Hozan Zangana

Gold Kisal
Gold leaf on MDF
32 x 17 x 20 cm

A kisal (tortoise) is a stool made of wood. In ancient Mesopotamia, the tortoise was a symbol of strength and stillness during great chaos. A smaller version covered in gold-leaf was made as a symbolic gift representing the resilience of Kurdistan.

Haft Sin Collection
8 porcelain items up to 45 cm diameter

One of the rituals performed during Nowruz is the setting up of a Sofraye Haft Sin. This is a table or dining cloth prepared with seven or more items starting with the letter ‘s’. Each of the items has a symbolic meaning, strongly rooted in the culture of the Persians and the Medes. This ancient tradition is presented in a modern way – inspired by Nastaleeq calligraphy, the items are reduced to the bare essentials. Without the classical ornaments, the focus goes to the ingredients, which are the spirit of Haft Sin. Every piece is crafted to symbolize its traditional meaning.

Artist’s biography

Hozan Zangana was born in 1983 in Kirkuk. In 1998, at the age of fifteen, he fled Kurdistan and applied for asylum in The Netherlands. There, he studied at the esteemed art and design universities Gerrit Rietveld Academie in Amsterdam and the Design Academy in Eindhoven. After his graduation, Zangana was awarded a grant for Talent Development Creative Industries (Stimuleringsfonds).This allowed him to create his first collection of abstract objects inspired by the 7th century Kufic script. The collection, called ‘Shaping from Intuition’, was shown in Dubai, Milan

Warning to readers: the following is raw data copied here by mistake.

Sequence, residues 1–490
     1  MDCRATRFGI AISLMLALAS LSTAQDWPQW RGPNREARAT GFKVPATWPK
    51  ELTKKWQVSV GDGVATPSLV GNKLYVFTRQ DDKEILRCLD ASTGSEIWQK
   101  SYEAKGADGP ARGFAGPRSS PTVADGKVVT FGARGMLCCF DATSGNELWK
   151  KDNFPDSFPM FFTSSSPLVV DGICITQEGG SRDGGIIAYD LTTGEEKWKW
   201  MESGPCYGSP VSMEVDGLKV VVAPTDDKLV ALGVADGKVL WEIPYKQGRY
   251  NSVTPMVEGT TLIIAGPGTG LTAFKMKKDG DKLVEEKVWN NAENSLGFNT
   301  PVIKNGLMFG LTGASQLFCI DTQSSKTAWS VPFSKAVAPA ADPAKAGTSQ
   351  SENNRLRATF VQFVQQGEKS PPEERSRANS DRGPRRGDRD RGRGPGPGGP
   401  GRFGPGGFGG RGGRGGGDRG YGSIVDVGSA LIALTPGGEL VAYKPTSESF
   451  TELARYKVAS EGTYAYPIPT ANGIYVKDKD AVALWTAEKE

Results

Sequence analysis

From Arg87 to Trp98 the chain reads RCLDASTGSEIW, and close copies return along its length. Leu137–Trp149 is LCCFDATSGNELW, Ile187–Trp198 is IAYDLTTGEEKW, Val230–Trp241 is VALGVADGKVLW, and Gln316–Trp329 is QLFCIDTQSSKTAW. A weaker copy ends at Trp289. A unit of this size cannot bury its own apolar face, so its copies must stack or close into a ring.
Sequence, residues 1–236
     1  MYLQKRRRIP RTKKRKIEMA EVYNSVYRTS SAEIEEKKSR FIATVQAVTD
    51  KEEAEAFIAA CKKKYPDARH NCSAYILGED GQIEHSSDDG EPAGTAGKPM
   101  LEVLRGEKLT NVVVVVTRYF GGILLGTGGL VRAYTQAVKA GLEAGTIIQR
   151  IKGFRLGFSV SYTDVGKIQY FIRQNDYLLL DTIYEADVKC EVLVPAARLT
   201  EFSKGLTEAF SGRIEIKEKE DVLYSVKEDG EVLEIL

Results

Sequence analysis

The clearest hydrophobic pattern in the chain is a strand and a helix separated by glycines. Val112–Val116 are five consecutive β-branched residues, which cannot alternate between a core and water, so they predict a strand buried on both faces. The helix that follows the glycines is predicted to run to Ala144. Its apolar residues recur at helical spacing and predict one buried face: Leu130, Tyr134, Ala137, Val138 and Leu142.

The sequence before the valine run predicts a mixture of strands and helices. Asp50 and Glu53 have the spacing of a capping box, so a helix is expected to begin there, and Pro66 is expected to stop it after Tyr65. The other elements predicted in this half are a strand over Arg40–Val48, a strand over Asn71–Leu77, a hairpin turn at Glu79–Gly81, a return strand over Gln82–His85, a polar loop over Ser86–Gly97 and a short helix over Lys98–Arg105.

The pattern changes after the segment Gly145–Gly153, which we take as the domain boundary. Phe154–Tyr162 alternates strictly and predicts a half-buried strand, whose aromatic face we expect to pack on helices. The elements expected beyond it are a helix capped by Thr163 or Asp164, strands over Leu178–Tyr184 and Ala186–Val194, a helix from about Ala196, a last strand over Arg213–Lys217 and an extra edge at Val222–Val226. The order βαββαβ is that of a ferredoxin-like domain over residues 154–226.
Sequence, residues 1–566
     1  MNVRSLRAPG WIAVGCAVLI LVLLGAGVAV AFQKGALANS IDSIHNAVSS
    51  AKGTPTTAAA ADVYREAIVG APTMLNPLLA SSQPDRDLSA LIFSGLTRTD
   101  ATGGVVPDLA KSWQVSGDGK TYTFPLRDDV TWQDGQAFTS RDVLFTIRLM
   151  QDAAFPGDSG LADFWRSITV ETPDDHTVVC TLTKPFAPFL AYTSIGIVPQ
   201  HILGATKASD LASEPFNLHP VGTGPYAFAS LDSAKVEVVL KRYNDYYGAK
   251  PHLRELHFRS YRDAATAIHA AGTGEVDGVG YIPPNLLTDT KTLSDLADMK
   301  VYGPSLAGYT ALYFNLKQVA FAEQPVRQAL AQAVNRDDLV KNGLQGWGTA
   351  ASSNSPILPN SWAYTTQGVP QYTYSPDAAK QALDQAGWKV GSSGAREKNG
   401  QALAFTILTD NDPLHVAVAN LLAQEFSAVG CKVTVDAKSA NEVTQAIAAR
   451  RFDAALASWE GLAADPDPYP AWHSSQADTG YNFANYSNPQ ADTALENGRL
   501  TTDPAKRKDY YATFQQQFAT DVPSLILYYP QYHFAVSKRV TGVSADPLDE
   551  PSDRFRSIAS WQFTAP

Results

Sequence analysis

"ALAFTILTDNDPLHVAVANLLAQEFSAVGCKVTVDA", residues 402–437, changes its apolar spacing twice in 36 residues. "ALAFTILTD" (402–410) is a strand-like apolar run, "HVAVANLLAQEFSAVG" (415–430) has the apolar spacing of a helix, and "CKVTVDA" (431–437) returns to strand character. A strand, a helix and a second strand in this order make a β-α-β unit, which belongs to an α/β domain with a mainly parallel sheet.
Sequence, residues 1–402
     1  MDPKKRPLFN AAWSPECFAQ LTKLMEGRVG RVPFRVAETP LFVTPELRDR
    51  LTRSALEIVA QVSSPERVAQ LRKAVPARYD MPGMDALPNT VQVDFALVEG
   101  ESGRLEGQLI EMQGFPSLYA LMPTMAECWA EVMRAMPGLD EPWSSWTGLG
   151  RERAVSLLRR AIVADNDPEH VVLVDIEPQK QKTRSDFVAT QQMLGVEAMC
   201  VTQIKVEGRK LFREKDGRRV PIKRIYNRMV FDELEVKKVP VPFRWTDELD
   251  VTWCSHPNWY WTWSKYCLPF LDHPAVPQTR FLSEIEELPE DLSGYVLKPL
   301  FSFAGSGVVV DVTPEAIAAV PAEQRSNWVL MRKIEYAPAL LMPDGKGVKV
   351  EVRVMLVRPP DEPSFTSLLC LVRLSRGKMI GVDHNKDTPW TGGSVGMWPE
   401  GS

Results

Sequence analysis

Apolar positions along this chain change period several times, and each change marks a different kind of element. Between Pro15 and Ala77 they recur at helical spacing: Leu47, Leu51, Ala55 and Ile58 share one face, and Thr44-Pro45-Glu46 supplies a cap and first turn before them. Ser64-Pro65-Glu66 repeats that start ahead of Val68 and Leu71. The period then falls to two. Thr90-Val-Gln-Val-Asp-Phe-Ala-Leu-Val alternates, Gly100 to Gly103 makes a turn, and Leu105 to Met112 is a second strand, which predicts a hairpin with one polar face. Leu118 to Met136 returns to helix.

and New York.

The Haft Sin collection was acquired by the Museum Boijmans van Beuningen (Rotterdam, The Netherlands) in 2015. Consequently, Zangana was nominated for the Wallpaper Next Generation Designer of the Year award in 2017.

His most recent work, called Arbela, was conceived to reflect Zangana’s heritage-based design back to his own people and culture, and to transfer his knowledge to a new generation of Middle Eastern artists. Inspired by the ancient Citadel of Erbil, once called Arbela (from the Assyrian Arba-Ila ‘four gods’, referring to the four gates to the original citadel), the objects in this collection carry with them the memory of a cultural history that goes back 7000 years.